The major benefit of the native app is high performance regardless of internet speed and the ability to customize UI along with a set of functions based on the user preferences. Developers can construct even more extensive and eye-pleasing apps by maintaining standardized technical specifications and programming language. An example of native apps is games that consist of modern 3D graphics. On the other hand, Native SDK packages make it easy to access the device-specific features without dealing with the complexities of a plugin that can result in work acceleration and eliminate issues with overdue libraries in the future. A compliant UX design helps the user to go through the interface intuitively without any further discrepancy at the initial launch. Usually, Native apps are considered secure due to the non-migration of data to the server followed by encryption within the architecture of the app.
As discussed above, one of the key benefits of the native app is efficiency. Mobile app developers might experience significant problems with the introduction of an offline mode in such apps. Moreover, the hybrid model works best in content-oriented apps that seem difficult to expand.
While creating a Hybrid app, developers might experience unexpected problems as several native functions of devices can be accessed only through third-party plugins. And in the case of new devices, one might find themselves in the dilemma of creating one for themselves which seems like an unreliable solution. Although, difficulties don’t necessarily mean a limitation of possibilities but are rather equivalent to the greater output of work and budget. Moreover, the library must be synchronized with the latest changes and versions of the systems. Therefore, Hybrid apps should be possibly neutral and readable in terms of navigation.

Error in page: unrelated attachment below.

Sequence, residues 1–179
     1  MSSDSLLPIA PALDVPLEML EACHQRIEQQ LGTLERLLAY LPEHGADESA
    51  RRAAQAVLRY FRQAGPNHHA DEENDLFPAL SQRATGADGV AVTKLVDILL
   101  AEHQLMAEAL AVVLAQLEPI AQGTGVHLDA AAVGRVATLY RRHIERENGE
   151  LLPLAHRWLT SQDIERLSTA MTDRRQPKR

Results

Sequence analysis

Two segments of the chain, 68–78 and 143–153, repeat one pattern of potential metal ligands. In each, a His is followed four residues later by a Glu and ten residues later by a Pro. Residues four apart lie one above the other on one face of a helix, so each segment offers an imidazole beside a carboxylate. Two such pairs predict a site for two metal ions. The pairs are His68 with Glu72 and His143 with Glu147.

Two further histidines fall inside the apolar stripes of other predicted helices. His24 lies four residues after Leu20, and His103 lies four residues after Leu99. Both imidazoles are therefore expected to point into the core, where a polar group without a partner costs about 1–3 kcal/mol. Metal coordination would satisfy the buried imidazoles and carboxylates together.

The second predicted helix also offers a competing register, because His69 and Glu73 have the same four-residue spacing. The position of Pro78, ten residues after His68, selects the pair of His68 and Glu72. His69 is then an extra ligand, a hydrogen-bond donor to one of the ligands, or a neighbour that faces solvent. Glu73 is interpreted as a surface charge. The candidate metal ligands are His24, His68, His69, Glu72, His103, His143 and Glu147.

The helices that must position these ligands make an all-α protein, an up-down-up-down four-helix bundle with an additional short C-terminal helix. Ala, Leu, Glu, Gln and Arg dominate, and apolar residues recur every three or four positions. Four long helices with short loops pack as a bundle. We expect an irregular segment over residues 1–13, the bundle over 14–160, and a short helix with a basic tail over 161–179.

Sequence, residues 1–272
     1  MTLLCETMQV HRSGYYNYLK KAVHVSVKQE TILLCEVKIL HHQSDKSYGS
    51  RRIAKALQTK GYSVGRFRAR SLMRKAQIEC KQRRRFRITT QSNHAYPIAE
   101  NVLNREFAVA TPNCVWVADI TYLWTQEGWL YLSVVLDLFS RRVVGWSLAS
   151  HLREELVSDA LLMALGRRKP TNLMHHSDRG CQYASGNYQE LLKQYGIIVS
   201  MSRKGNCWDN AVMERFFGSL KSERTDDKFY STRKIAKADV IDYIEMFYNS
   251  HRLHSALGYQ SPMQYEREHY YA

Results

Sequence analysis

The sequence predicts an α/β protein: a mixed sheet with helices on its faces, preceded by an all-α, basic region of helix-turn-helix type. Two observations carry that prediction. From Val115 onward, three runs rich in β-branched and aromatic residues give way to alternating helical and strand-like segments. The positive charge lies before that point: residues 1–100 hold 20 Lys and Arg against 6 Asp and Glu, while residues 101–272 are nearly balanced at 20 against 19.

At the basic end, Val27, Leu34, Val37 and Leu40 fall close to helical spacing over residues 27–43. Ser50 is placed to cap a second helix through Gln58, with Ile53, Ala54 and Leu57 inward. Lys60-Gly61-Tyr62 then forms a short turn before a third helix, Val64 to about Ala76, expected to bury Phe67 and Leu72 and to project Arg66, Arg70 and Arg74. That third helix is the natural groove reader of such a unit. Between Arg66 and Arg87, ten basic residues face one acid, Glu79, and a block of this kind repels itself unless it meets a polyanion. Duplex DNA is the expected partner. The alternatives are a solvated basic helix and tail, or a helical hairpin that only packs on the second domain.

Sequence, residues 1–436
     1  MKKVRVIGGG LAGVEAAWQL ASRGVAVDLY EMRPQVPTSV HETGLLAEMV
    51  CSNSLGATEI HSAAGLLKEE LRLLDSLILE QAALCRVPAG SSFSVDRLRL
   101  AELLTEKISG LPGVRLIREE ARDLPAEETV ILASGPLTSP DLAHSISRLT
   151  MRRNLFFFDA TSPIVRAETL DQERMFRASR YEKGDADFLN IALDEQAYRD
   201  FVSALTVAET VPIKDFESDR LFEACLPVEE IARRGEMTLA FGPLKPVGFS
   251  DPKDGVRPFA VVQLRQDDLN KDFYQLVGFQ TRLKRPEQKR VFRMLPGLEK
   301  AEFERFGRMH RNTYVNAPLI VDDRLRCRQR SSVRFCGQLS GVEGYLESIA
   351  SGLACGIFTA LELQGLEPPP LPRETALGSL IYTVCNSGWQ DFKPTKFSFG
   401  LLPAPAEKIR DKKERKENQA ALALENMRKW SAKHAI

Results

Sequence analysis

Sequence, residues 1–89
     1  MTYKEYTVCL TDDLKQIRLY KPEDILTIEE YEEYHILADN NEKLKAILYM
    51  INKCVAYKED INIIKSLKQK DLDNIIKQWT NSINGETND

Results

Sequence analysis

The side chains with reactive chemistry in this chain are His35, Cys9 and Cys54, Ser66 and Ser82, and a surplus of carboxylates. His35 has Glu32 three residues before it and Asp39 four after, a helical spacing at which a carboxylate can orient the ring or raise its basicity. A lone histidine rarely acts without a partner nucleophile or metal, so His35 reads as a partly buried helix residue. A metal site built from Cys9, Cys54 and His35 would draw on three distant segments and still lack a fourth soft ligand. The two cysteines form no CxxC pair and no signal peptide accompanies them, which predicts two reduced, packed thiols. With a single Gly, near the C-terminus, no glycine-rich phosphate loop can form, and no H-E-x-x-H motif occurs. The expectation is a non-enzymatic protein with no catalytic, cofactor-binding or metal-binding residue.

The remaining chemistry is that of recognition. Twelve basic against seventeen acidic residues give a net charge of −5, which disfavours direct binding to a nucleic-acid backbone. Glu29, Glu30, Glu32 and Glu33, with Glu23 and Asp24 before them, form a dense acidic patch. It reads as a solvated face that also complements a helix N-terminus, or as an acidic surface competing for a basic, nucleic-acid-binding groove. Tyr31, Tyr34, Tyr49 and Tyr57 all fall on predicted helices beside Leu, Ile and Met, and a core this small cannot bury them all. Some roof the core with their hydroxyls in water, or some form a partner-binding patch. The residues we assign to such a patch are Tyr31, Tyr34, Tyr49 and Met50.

Developing a native app necessitates the requirement of a skilled programmer. Usually, the creation of a native app requires two development teams to work on Android and iOS versions simultaneously leading to higher expenditure. Furthermore, it’s essential to present the native app as the primary platform followed by the lateral transmission. As a result, it’s not just the initial budget that needs to be boosted but also separate development teams that require strong enhancement in the future.
A hybrid app primarily comes with minimum expense along with faster updates at the beginning of the product lifecycle. If you require a content-based app and want to target a large amount of audience, then the hybrid approach is the way to go. The same applies to the introduction of the product or service to market through MVP (Minimum Viable Product).
On the other hand, you must consider the native app if you’re likely to follow a more robust approach that will function regardless of the internet connectivity. It will notably lead to a better user experience as a result of a responsive interface. Therefore, after a brief discussion as stated above, the choice of the apps entirely depends on the business requirements.
Please feel free to contact us for further information regarding the required budget, time duration, and limitations associated with the use of hybrid and native apps. We would be happy to assist you!